Not very convincing from either of them if your interest is actual science and not science funding advocacy or a hope for world peace.  It is instead philosophical, maybe even nationalistic. Why can't the Chinese be an important example of cooperation instead of us?  We also were told we could not afford not to build the LHC but it turns out we absolutely could afford to not discover that the Higgs Boson does not exist.  It isn't like we won't add leadership and brains and even some money but why do we have to be the leader?  The most important example of international cooperation should be the UN but Pomery is right for forgetting that expensive, irrelevant boondoggle.  Being a leader and even hosting it in the US did nothing much for anyone and just left New York City with a bunch of unpaid parking tickets they can never collect on because of 'diplomatic immunity'.
    Imagine what could be accomplished if the world's space superpowers pooled their resources to build an international space colony on the moon? The advancements for science and technology would surely be significant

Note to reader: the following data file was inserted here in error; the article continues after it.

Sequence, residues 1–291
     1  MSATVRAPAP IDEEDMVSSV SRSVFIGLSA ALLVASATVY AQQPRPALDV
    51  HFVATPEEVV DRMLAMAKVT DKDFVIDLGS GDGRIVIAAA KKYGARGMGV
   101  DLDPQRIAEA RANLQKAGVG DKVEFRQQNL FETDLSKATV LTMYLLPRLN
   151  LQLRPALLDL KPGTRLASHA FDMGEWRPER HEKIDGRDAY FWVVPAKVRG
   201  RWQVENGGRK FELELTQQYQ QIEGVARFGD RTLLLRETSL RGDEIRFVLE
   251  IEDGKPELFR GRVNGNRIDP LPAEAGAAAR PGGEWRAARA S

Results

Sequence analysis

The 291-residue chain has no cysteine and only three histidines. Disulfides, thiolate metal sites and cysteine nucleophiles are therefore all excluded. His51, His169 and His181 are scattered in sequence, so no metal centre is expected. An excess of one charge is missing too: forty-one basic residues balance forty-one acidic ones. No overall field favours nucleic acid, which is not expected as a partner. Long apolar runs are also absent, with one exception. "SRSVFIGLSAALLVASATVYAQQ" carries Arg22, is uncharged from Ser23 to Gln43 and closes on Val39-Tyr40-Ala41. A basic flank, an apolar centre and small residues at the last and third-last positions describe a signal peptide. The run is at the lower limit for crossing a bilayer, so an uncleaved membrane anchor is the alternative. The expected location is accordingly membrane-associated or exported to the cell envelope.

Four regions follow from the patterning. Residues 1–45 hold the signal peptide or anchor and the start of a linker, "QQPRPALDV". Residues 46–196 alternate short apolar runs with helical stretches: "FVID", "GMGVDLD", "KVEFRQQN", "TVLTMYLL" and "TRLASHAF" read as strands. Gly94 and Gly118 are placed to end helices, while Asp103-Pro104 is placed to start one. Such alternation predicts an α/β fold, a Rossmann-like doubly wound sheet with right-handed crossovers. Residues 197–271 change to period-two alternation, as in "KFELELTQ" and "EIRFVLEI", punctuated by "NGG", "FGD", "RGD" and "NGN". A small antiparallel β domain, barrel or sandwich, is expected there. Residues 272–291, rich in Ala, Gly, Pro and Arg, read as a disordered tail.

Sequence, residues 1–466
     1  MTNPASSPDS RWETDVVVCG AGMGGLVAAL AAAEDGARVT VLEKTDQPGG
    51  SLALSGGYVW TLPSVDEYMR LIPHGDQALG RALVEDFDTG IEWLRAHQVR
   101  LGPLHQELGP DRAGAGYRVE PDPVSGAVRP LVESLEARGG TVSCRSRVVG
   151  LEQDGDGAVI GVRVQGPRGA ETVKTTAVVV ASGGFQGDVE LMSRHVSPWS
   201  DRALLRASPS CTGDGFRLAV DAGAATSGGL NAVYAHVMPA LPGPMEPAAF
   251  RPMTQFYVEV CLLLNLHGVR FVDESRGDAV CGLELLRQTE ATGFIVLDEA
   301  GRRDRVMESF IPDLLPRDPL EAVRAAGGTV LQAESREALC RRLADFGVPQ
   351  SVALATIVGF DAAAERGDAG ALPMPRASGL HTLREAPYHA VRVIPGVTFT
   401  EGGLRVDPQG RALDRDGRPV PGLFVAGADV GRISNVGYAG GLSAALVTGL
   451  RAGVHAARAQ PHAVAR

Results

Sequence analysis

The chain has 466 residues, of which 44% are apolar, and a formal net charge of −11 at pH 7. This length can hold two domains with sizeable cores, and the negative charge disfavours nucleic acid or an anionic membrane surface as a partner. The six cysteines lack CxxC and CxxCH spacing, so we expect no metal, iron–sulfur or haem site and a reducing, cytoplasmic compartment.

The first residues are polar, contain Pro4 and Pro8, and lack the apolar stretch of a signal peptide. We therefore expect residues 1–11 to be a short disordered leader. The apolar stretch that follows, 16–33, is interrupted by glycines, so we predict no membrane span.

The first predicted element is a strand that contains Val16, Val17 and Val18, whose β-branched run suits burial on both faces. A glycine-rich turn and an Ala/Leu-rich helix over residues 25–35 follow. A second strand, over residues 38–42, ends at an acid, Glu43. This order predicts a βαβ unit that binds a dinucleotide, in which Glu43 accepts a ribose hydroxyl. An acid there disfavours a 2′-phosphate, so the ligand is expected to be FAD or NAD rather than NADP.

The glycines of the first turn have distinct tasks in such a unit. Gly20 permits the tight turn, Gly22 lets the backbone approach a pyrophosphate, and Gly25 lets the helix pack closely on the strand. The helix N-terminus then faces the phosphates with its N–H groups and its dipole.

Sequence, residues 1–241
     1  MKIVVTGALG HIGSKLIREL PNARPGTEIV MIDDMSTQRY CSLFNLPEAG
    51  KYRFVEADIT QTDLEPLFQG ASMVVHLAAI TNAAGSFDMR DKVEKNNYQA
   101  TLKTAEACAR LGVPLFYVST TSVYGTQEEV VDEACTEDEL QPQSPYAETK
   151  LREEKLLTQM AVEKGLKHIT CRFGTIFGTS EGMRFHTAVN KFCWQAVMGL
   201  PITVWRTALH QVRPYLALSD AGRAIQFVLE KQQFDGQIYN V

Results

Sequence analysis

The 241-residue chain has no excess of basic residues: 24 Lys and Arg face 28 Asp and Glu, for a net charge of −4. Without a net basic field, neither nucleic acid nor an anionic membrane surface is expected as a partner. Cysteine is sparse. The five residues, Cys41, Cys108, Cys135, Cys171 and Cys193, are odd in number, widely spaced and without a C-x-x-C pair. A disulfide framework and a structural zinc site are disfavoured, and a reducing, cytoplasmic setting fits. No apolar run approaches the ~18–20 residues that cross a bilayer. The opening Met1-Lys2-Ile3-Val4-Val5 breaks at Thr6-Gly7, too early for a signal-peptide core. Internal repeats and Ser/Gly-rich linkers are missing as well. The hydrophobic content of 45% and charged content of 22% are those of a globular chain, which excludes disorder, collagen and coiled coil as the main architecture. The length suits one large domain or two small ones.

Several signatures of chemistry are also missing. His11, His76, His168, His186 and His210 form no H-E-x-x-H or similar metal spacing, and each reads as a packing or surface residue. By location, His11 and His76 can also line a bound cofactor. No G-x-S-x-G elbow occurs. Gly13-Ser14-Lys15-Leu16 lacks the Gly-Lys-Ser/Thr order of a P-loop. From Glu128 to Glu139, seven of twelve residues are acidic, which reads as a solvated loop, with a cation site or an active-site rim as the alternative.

This is the reason why the domestic space program has collapsed. Even politicians no longer regard it as a science endeavor - and they are right, it is a tough sell from a science perspective and looks like more of a job works program. We do far more science with unmanned missions than we ever accomplished with the Space Shuttle. Unmanned missions are cheaper and safer.  It really is a stretch to fairly attribute much in the way of science or technology at all to the space program - you have to get second order and try to give them credits for things like MRI. It's like claiming we should spend trillions of dollars on useless research because one time the government did not know what to do with the Internet for 25 years and a guy at CERN figured he might as well share some pictures with his friends.

    I love races.  I grew up with the space program and I can name all seven Mercury astronauts without blinking. I watched a Moon launch and a Skylab and two shuttle launches in person. I can be as jingoistic as anyone about how great America is.  But if China wants to spend the money to put a colony on the Moon 'for all mankind' and 'world peace' why should we turn it into a Space Race?